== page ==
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Evaluation of genetic variation in alpha and beta adrenergic receptors and its association with clinical response to vasoactive drugs in critically ill pediatric patients

Grant number: 23/09419-6
Support Opportunities:Regular Research Grants
Duration: November 01, 2023 - October 31, 2025
Field of knowledge:Health Sciences - Medicine - Maternal and Child Health
Principal Investigator:Ana Paula de Carvalho Panzeri Carlotti
Grantee:Ana Paula de Carvalho Panzeri Carlotti
Host Institution: Faculdade de Medicina de Ribeirão Preto (FMRP). Universidade de São Paulo (USP). Ribeirão Preto , SP, Brazil
Associated researchers:Riccardo Lacchini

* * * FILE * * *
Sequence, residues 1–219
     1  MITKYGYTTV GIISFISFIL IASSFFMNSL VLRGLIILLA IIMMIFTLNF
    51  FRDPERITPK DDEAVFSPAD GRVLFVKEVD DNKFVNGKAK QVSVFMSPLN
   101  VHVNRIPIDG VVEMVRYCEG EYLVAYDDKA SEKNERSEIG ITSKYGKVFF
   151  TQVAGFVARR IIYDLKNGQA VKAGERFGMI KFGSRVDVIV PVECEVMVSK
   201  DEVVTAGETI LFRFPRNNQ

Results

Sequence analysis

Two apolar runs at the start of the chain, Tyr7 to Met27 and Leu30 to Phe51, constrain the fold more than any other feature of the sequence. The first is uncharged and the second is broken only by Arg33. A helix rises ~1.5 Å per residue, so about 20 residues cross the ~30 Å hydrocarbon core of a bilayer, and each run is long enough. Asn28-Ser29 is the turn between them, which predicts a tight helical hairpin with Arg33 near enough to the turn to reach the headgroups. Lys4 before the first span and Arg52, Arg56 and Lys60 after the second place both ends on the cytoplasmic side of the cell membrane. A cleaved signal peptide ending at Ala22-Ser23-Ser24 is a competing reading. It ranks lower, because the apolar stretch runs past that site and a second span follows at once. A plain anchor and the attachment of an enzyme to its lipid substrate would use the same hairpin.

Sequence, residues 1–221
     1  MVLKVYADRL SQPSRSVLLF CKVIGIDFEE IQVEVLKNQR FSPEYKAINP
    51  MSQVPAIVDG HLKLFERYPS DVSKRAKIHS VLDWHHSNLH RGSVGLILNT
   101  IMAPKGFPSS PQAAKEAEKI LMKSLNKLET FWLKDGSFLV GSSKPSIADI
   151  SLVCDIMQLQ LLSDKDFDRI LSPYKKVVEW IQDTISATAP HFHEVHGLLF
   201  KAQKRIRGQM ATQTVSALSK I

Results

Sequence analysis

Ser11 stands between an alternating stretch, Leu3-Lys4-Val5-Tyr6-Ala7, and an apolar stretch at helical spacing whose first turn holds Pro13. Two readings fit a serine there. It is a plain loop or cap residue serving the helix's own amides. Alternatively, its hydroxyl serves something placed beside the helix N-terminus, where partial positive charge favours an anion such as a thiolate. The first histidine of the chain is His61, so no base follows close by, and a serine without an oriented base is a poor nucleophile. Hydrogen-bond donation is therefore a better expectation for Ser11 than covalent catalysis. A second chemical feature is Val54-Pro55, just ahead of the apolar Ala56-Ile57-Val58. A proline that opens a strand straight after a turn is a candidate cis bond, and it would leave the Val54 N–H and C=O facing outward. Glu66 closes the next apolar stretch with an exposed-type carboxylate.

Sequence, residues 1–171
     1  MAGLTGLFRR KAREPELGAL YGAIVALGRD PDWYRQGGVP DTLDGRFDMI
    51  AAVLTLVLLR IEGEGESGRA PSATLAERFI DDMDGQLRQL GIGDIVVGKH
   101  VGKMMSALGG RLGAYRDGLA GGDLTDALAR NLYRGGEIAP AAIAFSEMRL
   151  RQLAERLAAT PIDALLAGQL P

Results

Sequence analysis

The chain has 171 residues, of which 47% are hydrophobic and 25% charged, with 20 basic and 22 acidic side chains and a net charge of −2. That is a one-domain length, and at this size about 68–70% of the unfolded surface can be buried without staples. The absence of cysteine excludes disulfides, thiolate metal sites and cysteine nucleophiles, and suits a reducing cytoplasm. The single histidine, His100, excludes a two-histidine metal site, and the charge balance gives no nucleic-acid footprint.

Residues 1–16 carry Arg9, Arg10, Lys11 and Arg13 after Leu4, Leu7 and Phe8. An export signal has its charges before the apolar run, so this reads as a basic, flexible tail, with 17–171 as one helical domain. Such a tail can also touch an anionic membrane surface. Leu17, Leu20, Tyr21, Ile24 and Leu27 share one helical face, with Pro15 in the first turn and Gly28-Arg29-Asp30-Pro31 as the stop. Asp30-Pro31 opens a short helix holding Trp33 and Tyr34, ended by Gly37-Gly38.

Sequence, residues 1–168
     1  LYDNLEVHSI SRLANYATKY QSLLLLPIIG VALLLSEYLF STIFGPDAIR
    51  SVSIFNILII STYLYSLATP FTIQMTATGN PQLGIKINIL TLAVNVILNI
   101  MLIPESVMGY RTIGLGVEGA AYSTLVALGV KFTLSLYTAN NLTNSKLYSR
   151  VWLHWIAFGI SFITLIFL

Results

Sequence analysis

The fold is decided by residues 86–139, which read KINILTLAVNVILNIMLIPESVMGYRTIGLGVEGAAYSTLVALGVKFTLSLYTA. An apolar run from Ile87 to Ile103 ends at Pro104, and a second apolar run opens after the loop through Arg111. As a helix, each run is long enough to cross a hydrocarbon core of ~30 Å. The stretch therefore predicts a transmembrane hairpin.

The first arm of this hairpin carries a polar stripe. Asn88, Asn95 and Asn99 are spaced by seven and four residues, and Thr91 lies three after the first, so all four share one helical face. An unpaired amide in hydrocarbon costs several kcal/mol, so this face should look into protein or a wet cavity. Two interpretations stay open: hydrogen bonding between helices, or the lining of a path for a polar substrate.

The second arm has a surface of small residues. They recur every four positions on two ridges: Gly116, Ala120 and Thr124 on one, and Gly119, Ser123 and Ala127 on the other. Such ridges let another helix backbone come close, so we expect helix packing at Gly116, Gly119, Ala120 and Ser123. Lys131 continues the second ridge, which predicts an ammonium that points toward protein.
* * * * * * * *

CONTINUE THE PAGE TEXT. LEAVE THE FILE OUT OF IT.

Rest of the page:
Genetic differences, called polymorphisms in genes that encode target proteins in transport or drug-metabolizing enzymes, are responsible, among other factors, for the variation observed in patients' responses to medications. Catecholamines are often used in the ICU for patients with hemodynamic deterioration and shock. The pharmacological actions of adrenergic drugs are mediated by adrenergic receptors, whose coding genes are polymorphic. There are no studies in the literature on the association between polymorphisms and response to adrenergic agonists in children. Therefore, knowledge of individual characteristics related to adrenergic receptors can contribute to the use of drugs according to the patient's genetic profile, in order to obtain better results and with fewer adverse effects related to medications. The general objective of this study is to evaluate the association between genetic factors in pediatric critically ill patients and response to vasoactive drugs and clinical outcome. The specific objectives are: to verify the association of four genetic markers in alpha1-A adrenoceptors [c.1039C>T (p.Arg347Cys)], alpha2-B [c.901_909del (p.Glu301_Glu303del)], beta1 [c.1165C> G (p.Arg389Gly)], and beta2 [c.46G>A (p.Gly16Arg)] with differences in hemodynamic and cardiac response to the catecholamines epinephrine, norepinephrine, dopamine and dobutamine. This is a clinical, observational and prospective study. The study group will consist of all children who require one or more catecholamines (epinephrine, norepinephrine, dopamine, or dobutamine) for inotropic/vasopressor support in the ICU. Exclusion criteria will be receiving a blood transfusion before sample collection for genotyping when it is not possible to collect a buccal swab or refusal to participate in the study. The control group will consist of children matched by age and gender, but who did not receive vasoactive drugs for cardiovascular support, in a 1:1 ratio. Blood samples and/or oral swabs will be collected for DNA extraction and genotyping of the polymorphisms by the qPCR system with Taqman probes. The sample size will be a convenience sample. We estimate to include 300 children in the study group and 300 children in the control group, in the period of 12 to 18 months. Patients will be divided into groups according to the need for inotropic / vasopressor therapy to achieve hemodynamic stability: use of only one vasoactive drug vs. combined therapy. The frequencies of adrenergic receptor polymorphisms will be evaluated and compared between groups. Continuous variables will be expressed as median and range and categorical variables, as number and percentage. Comparisons of continuous variables between groups will be made using the Mann-Whitney U test and comparison of categorical variables by Fisher's exact test. Relative risks (RRs) and 95% confidence intervals (CIs) will be obtained after fitting log-binomial regression models to verify the association of polymorphisms with response to catecholamines. The significance level adopted will be 5%. (AU)

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